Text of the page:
Breathing polluted air can cause toxic particles to be transported from the lungs to the brain, according to one study, potentially contributing to brain disorders and neurological damage. An international team of scientists from the University of Birmingham, UK, and institutions in China have identified a possible direct route used by various inhaled fine particles through the blood circulation, with evidence that, once there, the particles remain in the brain longer than in other major metabolic organs.
The study, published Monday in the journal PNAS, found several fine particles in human cerebrospinal fluids taken from patients who’d had brain disorders — and revealed a process that can cause toxic particles to enter the brain. “There are gaps in our knowledge about the harmful effects of fine particles in the air on the central nervous system,” said study co-author Iseult Lynch, a professor at the University of Birmingham.
The finding sheds new light on the link between inhaling particles and how they then move through the body. “The data suggest that up to eight times the number of fine particles can reach the brain by traveling through the bloodstream from the lungs than directly through the nose – adding new evidence on the relationship between air pollution and harmful effects of such particles on the brain. said Lynch.
The researchers noted that air pollution is a cocktail of many toxic components, but particulate matter, especially fine particles from the environment such as PM2.5, are of most concern in terms of causing harmful health effects. Ultrafine particles, in particular, can escape the body’s protective systems, including sentinel cells and biological barriers, they said.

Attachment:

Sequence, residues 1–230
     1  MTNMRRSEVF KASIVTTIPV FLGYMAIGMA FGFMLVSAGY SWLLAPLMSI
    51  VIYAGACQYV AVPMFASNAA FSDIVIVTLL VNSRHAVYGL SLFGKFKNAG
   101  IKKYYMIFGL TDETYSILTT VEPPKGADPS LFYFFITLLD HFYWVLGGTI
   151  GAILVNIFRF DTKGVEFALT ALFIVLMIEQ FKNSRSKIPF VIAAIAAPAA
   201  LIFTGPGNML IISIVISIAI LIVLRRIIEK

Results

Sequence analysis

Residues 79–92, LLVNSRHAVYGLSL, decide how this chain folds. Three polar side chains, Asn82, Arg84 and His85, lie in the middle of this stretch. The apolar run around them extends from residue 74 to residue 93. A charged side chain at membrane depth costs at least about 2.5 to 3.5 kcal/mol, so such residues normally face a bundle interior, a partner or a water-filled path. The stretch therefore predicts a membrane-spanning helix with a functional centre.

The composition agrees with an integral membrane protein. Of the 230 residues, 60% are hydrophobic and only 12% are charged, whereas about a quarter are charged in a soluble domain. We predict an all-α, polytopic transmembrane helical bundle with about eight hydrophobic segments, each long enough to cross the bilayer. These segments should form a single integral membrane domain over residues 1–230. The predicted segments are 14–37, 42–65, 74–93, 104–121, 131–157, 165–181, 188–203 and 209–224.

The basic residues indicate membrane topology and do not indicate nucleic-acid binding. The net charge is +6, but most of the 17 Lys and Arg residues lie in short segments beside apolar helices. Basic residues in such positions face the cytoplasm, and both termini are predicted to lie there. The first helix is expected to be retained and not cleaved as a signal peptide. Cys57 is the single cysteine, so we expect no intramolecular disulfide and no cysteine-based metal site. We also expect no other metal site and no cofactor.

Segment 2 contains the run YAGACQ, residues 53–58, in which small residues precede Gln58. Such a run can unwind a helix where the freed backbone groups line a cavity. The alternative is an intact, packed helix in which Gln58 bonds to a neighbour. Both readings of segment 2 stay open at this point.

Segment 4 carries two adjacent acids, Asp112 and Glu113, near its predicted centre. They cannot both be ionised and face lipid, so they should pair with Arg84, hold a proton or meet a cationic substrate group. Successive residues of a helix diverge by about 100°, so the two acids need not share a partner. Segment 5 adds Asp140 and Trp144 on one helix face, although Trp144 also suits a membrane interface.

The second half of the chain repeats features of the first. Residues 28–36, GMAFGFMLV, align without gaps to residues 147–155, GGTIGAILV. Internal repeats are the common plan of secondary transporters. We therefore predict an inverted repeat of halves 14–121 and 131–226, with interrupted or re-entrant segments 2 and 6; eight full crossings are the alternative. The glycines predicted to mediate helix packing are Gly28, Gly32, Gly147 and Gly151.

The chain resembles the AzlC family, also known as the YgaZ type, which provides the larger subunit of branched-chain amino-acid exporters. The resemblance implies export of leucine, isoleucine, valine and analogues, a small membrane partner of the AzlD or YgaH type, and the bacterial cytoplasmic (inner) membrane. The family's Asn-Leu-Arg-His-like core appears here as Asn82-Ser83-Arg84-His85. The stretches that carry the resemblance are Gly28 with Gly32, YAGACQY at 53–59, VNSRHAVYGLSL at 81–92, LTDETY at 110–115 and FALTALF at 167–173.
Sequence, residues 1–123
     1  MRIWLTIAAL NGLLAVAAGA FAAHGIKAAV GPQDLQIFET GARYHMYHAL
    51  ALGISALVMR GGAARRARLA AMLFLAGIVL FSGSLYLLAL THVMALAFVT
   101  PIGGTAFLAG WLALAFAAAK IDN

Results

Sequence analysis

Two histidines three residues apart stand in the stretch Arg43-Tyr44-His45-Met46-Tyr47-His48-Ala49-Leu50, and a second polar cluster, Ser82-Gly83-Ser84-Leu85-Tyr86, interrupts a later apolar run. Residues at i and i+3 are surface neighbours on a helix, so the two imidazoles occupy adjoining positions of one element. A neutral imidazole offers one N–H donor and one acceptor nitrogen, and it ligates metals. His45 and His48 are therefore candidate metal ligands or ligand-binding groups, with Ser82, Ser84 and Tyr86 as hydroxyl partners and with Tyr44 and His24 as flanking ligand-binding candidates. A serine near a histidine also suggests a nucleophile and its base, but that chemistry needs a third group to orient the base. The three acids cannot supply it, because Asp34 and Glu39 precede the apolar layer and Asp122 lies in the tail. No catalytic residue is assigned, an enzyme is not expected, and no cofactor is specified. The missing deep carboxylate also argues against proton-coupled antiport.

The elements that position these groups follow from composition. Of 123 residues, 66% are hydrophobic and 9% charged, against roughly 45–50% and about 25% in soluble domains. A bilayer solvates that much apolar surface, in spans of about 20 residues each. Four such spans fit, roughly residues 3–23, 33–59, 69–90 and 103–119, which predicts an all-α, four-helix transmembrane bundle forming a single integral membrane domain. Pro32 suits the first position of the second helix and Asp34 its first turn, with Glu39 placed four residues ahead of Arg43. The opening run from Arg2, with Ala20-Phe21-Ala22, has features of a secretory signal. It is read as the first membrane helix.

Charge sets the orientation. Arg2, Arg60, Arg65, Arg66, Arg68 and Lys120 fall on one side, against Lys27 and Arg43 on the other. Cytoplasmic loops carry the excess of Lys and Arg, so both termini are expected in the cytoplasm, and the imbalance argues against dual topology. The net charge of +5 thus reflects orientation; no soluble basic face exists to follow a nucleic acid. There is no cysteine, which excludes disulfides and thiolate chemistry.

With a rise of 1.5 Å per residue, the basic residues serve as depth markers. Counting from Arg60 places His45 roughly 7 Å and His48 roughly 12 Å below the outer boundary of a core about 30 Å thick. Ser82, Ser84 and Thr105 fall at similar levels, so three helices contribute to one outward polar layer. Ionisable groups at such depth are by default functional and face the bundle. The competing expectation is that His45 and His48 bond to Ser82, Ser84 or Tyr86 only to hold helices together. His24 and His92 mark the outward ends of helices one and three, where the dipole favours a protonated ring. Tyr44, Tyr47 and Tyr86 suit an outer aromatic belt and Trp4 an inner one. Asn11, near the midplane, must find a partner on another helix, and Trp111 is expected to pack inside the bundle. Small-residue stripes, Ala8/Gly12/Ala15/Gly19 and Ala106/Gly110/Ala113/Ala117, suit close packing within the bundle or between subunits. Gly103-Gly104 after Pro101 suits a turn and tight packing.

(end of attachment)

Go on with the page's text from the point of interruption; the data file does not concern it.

Recent evidence has shown a strong link between high levels of air pollution and marked neuroinflammation, Alzheimer’s-like changes and cognitive problems in older people and even children, the researchers said. The researchers found that inhaled particles can enter the bloodstream after crossing the air-blood barrier — eventually reaching the brain and leading to damage to the brain-blood barrier and surrounding tissues if they do.
Once in the brain, the particles were difficult to remove and retained longer than in other organs, they said. The study provides new evidence to demonstrate the risks of particulate matter pollution to the central nervous system.
However, the researchers recommend that more research is needed on the mechanics of how inhaled fine particles from the environment reach the brain.
Get all the latest news, breaking news, watch top videos and live TV here.